Colossians 3:17 and 1st Corinthians 10:31 make it clear that that Christians are to be motivated to do their very best work whatever work they are doing to the glory of God. While everyone has a vocation many Christians don’t understand why their work matters.
The term vocation comes from the Latin word for “calling.” The Scriptures are full of passages that describe how Christians have been called to faith through the Gospel (2 Thessalonians 2:14) and how God calls us to a particular office or way of life (1 Corinthians 1:1-2; 7:15-20). The doctrine of vocation is thoroughly biblical and was developed with its greatest rigor during the Reformation.
Out of the Protestant Reformation came what is known as “the Protestant work ethic,” but this was not due to the pressure to prove one’s worth to God, but rather emerged out of an understanding of the meaning of work and the satisfaction and fulfillment that come from ordinary human labor when seen through the light of the doctrine of vocation. The Reformation was the time in which the Protestant church enjoyed its greatest cultural influence—in art, literature, music, as well as in social institutions. All of this was because the Reformers understood what the Bible has to teach about the doctrine of vocation. Recovering this doctrine is important to contemporary Christians because it will open the way for the Church and Christians to influence our culture once again through our work.
In his helpful book Work Matters Connecting Sunday Worship To Monday Work Pastor Tom Nelson helps clear away misconceptions and misunderstandings about the nature of vocation and work for Christians. Many Christians may feel that their work is drudgery, or may have even have made their work an idol. All Christians need to understand that because God has ordained man to work, He desires that all men do their work to and for His glory. Whether you’re a workaholic or weekend warrior, the doctrine of vocation has fallen on hard times in contemporary evangelicalism, and it’s time for Christians to bridge the gap between Sunday worship and Monday work by understanding what the Bible teaches about our work.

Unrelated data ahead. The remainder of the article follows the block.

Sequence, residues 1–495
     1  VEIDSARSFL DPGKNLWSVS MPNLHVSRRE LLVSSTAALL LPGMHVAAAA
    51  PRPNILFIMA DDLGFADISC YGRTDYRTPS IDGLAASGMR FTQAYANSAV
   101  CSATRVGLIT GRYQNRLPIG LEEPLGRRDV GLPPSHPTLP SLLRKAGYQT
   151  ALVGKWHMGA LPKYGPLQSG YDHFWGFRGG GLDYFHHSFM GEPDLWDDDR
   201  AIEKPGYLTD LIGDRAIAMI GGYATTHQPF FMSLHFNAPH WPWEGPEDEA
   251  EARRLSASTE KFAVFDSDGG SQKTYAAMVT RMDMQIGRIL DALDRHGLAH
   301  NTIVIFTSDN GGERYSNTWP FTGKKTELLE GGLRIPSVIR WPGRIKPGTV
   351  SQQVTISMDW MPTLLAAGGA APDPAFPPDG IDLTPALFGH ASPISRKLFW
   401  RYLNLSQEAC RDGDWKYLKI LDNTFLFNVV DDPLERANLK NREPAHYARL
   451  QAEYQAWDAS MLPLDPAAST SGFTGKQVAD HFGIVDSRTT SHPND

Pastor Nelson in Work Matters strikes a good balance between theological depth and practical counsel by outlining God’s purpose for work in a way that will help Christians to make the most of our vocation and join God in His work in the world. If you’re tired of feeling that your work doesn’t matter, or you want to learn about how God views your vocation, read Work Matters. Reading Works Matters will help Christians to discover afresh what it means to do all their work for the glory of God. I recommend you read this book to discover the Bible’s perspective on work, because doing so will transform your workday and make the majority of your waking hours matter, not only now, but for eternity.
Author: Tom Nelson
Publisher: Crossway (2011)
Disclosure of Material Connection: I received this book free from the publisher through the Crossway review bloggers program. I was not required to write a positive review. The opinions I have expressed are my own. I am disclosing this in accordance with the Federal Trade Commission’s 16 CFR, Part 255 : “Guides Concerning the Use of Endorsements and Testimonials in Advertising.”